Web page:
Template names follow the format of name.extension. Micro expects a default template with the name default which is used on pages where no template is specified. For every named template you will have one version for each request type where the request type is indicated by the extension. Thus, the default template for HTML content would be found in views/templates/default.html whereas a template for md could be called views/templates/default.md. Micro automatically determines the appropriate template type at request-time based on the request path and file extension.

You can also override the default template on a page-by-page basis by inserting the following element in the View configuration for the specific page:

template: template_name

The web pages are optionally defined as views, simple .yml configuration files in the config subdirectory under each repository folder. This is optional and it is required only when you want to add Controllers to a page or overwrite the default template.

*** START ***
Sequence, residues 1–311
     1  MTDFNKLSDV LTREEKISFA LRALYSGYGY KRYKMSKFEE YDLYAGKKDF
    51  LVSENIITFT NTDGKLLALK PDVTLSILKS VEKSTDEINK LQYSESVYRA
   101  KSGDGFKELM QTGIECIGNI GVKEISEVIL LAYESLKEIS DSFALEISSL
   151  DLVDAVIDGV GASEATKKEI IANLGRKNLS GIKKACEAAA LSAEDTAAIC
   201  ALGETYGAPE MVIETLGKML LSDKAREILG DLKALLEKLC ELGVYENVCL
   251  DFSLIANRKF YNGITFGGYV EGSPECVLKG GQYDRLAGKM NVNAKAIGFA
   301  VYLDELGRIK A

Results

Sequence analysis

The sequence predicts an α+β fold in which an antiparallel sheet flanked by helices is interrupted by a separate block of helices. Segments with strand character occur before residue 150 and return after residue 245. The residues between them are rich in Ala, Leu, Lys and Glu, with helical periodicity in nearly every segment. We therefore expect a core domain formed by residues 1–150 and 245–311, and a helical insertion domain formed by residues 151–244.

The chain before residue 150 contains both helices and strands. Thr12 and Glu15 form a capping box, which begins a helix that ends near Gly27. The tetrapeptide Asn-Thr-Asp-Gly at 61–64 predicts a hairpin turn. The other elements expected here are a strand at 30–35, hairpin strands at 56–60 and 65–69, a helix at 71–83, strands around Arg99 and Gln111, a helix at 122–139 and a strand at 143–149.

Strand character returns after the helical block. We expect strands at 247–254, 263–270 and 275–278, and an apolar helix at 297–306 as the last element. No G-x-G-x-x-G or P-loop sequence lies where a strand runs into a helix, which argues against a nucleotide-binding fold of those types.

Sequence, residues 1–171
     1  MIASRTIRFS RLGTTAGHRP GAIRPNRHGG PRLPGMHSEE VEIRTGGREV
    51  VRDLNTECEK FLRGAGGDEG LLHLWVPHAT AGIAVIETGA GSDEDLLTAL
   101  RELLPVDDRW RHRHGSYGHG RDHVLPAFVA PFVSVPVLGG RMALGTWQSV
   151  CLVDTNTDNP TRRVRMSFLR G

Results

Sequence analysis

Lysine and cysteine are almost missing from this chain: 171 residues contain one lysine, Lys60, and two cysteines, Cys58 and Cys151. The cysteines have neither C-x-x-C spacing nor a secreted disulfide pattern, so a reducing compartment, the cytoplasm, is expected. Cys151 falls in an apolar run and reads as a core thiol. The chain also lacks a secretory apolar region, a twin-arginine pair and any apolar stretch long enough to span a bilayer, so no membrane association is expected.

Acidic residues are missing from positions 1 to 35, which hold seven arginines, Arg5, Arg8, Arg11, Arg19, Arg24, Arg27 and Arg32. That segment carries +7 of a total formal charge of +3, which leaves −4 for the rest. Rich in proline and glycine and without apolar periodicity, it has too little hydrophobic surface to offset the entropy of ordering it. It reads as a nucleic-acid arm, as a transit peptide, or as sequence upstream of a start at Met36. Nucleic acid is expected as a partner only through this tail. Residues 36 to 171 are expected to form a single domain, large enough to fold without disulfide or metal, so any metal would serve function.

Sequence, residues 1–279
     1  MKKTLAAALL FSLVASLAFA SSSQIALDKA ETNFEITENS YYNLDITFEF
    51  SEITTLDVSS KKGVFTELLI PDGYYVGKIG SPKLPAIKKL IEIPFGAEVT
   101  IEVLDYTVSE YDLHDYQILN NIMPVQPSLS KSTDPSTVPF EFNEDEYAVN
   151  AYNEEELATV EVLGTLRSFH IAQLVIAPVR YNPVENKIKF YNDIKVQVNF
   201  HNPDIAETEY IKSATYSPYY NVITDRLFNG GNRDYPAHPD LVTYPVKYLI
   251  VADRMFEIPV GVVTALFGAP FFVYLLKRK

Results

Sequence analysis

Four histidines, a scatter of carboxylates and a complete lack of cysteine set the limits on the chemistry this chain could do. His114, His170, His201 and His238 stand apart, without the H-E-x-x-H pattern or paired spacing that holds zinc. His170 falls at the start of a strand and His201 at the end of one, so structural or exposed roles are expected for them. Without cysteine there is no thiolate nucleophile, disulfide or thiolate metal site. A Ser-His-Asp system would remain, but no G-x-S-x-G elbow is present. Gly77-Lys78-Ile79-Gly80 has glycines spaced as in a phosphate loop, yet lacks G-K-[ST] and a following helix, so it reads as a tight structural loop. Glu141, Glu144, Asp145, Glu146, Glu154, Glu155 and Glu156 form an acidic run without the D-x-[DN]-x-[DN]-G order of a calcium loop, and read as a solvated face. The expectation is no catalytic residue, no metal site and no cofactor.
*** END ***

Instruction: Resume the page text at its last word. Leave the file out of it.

Replacing template_name with the name of the template. Your template can be specified as a path relative to the templates root directory and must not include a file suffix.

Micro's template manager includes a cache which will store your templates in memory; the cache being disabled in development mode. This caching helps improve response time by reducing template loading.

The Templates can have their own View definition and have one or more controllers associated with them. This is done by having a configuration file in the same directory as the template file under the subdirectory: views/templates/config, with the template name and the extension .yml; this is the View configuration file. Therefore, for the template default.html the template configuration file would be: default.yml. The following is an example of a template configuration file:

default.yml View file:

controllers:
  - controller:
      name: DefaultTemplate.bsh
      options:
        foo: bar

All the controllers will be executed before the template is rendered and the results obtained during the execution will be injected in the rendering context and available from there to your template engine, in the page.

As a performance optimization, you will have to inform Micro about your intentions of having the config folder in the templates repository. You do this by specifying it in the repository definition: